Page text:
France’s Macron loses absolute majority in legislative elections


Left parties coalition, far-right score big.

French President Emmanuel Macron’s Ensemble alliance on Sunday suffered a huge setback as his political coalition failed to secure an absolute majority in the legislative elections, putting the presidential majority at the risk of forging alliances with other parties.

Multiple exit polls of the second round results projected Macron’s Ensemble (Together) alliance in the lead but way below the golden mark of 289 seats, necessary to form the parliamentary majority.

According to polling firm Elabe estimates for BFMTV and L’Express news, Macron’s camp will win between 205 and 235 seats in the National Assembly while France 24 news has projected 224 seats.

This is the first time since 1998 when former President Francois Mitterrand found himself in a similar situation, winning lesser seats in the legislative elections.

The results are “far from what we hoped for,” former government spokesperson and Minister of Public Accounts Gabriel Attal summed up, according to a BFMTV news report.

The low numbers put Macron in a tight spot as he will now have to assemble a majority by forming an alliance with other parties, to maintain a parliamentary majority that will be crucial to continuing his government’s second-term agenda.

Polls suggested most voters wanted a left-wing prime minister and the government to uphold a left-leaning agenda.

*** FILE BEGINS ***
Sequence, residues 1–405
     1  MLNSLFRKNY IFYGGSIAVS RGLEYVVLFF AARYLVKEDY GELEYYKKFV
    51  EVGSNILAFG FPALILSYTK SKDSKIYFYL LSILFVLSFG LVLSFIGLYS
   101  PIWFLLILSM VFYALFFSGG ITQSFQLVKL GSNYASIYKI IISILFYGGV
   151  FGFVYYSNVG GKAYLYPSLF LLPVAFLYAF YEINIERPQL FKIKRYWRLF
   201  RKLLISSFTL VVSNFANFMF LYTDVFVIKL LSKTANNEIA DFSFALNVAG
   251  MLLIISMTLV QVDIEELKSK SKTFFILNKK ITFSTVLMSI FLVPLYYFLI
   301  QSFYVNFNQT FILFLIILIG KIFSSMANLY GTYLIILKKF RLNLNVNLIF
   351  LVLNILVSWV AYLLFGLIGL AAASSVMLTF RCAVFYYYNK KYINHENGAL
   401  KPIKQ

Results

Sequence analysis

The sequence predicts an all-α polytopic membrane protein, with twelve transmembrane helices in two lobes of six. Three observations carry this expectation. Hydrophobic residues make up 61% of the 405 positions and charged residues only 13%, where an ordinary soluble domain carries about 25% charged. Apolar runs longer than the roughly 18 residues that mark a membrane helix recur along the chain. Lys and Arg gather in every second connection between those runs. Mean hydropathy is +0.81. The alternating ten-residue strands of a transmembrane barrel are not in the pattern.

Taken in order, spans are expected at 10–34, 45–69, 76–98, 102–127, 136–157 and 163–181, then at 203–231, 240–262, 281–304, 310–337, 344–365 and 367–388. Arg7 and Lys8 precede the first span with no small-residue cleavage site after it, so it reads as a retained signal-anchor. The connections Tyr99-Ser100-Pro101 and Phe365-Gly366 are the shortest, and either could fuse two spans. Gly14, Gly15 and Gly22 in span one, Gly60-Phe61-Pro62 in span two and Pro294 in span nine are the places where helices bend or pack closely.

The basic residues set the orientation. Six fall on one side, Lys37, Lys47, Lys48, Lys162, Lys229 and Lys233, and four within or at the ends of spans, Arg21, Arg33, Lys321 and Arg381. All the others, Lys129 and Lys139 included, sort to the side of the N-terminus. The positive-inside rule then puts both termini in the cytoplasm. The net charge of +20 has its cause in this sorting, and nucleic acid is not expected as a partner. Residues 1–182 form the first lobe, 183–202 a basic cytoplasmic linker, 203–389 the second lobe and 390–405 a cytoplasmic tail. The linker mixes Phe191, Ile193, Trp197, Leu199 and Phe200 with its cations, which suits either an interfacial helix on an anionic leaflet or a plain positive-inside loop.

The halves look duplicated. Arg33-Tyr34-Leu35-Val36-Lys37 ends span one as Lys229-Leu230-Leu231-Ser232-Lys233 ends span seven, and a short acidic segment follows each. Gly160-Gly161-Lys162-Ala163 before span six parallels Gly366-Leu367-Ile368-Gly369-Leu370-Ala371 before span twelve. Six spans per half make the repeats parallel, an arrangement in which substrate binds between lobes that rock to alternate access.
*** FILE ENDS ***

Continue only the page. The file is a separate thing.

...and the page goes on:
The main challenger to Macron’s coalition, the newly formed left-wing political coalition, NUPES (New Ecological and Social Popular Union) led by Jean-Luc Melenchon, is estimated to win between 149 and 190 seats.

Melenchon who came in the third position during the presidential finals helmed the “totally unexpected situation,” saying: “We have achieved our political objective … to bring down the one with arrogance who had twisted the arm of the whole country,” the BFMTV news reported.

The surprise wildcard winner of these results is far-right leader Marine Le Pen’s National Rally which is expected to win anywhere between 75 to 95 seats, a huge win from the current eight seats in the national assembly.

She welcomed the historic result of her party’s candidates forming the largest group of lawmakers in the parliament, ever since the party’s inception in the 1970s, the report said.

The socialist party Les Republicains, which performed poorly in the recently concluded presidential elections, is likely to win around 60-70 seats.


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